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The digestive system of selected phytophagous insects has been examined as a potential prospecting resource for identification of novel cellulolytic enzymes with potential industrial applications. In contrast to other model species, however, limited detailed information is available that characterizes cellulolytic activity and systems in basal hexapod groups. As part of a screening effort to identify insects with highly active cellulolytic systems, we have for the first time, identified species of Zygentoma that displayed the highest relative cellulase activity levels when compared to all other tested insect groups under the experimental conditions, including model species for cellulolytic systems such as termite and cockroach species in Rhinotermitidae (formerly Isoptera) and Cryptocercidae (formerly Blattodea). The goal of the present study was to provide a morphohistological characterization of cellulose digestion and to identify highly active cellulase enzymes present in digestive fluids of Zygentoma species. Morphohistological characterization supported no relevant differences in the digestive system of firebrat (Thermobia domestica) and the gray silverfish (Ctenolepisma longicaudata). Quantitative and qualitative cellulase assays identified the foregut as the region with the highest levels of cellulase activity in both T. domestica and C. longicaudata. However, T. domesticawas found to have higher endoglucanase, xylanase and pectinase activities compared to C. longicaudata. Using nano liquid chromatography coupled to tandem mass spectrometry (nanoLC/MS/MS) and a custom gut transcriptome we identified cellulolytic enzymes from digestive fluids of T. domestica. Among the identified enzymes we report putative endoglucanases matching to insect or arthropod enzymes and glucan endo-1,6-β-glucosidases matching bacterial enzymes. These findings support combined activities of endogenous and symbiont-derived plant cell wall degrading enzymes in lignocellulose digestion in Zygentoma and advance our understanding of cellulose digestion in a primitive insect group.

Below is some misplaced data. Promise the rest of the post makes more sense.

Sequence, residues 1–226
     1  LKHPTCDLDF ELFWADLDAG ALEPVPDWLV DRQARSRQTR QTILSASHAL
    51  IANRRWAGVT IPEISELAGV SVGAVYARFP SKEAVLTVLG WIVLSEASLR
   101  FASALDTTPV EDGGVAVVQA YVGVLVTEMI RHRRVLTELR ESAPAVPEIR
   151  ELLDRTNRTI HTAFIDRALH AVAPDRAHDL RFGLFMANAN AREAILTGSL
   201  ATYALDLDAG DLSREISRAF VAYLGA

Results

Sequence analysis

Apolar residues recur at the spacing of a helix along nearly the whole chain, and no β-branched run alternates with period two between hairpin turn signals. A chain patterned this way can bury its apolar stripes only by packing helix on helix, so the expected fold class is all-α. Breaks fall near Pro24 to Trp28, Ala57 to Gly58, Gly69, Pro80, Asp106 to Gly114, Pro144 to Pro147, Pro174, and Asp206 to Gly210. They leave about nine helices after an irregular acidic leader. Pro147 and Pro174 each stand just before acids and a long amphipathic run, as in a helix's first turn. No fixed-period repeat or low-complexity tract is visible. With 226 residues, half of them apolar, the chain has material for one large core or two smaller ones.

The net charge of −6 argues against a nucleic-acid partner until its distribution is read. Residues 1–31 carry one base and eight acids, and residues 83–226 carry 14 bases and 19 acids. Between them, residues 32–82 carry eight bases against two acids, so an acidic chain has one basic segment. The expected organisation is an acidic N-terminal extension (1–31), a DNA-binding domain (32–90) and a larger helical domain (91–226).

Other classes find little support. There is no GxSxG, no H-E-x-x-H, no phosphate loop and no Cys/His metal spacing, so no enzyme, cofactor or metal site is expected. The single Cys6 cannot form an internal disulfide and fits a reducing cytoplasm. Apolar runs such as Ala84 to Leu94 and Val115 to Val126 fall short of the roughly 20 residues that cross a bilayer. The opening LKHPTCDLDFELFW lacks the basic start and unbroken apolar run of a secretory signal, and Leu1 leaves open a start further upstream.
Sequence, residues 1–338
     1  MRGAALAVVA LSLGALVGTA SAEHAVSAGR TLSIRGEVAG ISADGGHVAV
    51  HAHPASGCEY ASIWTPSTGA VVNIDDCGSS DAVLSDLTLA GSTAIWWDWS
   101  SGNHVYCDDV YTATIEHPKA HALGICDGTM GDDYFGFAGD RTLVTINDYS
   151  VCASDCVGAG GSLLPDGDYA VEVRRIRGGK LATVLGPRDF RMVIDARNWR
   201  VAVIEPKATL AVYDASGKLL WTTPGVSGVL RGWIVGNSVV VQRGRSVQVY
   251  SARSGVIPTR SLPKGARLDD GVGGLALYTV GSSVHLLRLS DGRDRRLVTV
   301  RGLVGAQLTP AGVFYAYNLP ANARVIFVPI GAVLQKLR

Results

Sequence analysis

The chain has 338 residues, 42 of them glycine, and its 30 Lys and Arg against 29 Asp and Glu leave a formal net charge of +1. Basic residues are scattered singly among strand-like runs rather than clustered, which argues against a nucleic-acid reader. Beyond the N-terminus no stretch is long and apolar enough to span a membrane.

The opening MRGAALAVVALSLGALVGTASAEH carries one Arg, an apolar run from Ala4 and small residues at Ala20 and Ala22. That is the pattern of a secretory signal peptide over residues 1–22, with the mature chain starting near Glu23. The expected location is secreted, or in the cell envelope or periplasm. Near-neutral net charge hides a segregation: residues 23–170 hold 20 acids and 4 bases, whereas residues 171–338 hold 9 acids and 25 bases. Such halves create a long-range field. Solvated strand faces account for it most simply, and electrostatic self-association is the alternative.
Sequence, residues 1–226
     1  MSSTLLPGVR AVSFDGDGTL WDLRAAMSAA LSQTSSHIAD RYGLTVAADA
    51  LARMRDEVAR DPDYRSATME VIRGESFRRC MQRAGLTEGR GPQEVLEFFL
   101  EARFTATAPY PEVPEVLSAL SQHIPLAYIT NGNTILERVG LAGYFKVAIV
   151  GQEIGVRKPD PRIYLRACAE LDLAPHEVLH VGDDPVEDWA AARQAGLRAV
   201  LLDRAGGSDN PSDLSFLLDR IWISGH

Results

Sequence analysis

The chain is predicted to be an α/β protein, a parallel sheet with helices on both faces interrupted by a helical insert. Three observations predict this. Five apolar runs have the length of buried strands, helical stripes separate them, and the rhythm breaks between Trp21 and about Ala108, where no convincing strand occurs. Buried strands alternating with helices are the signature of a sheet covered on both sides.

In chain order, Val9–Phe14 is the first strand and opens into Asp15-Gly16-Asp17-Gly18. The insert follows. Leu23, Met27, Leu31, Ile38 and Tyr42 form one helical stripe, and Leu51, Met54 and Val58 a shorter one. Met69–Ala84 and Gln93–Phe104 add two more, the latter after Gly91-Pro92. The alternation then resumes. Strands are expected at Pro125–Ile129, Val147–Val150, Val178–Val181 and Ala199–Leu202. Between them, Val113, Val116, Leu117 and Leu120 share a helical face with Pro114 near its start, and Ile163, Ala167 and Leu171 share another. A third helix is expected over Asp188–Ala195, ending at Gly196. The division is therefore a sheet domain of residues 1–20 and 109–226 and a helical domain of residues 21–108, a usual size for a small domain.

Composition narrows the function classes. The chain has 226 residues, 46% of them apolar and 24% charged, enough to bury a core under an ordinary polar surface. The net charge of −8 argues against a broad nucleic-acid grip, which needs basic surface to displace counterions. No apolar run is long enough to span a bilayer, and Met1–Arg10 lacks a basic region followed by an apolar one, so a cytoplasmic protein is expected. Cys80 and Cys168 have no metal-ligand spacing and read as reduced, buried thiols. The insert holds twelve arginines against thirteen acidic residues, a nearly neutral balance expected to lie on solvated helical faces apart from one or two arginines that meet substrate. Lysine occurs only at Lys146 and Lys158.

This article was published openly thanks to the University of Tennessee Open Publishing Support Fund.

Licensed under a CC0 1.0 Universal Public Domain Dedication (CC0 1.0).

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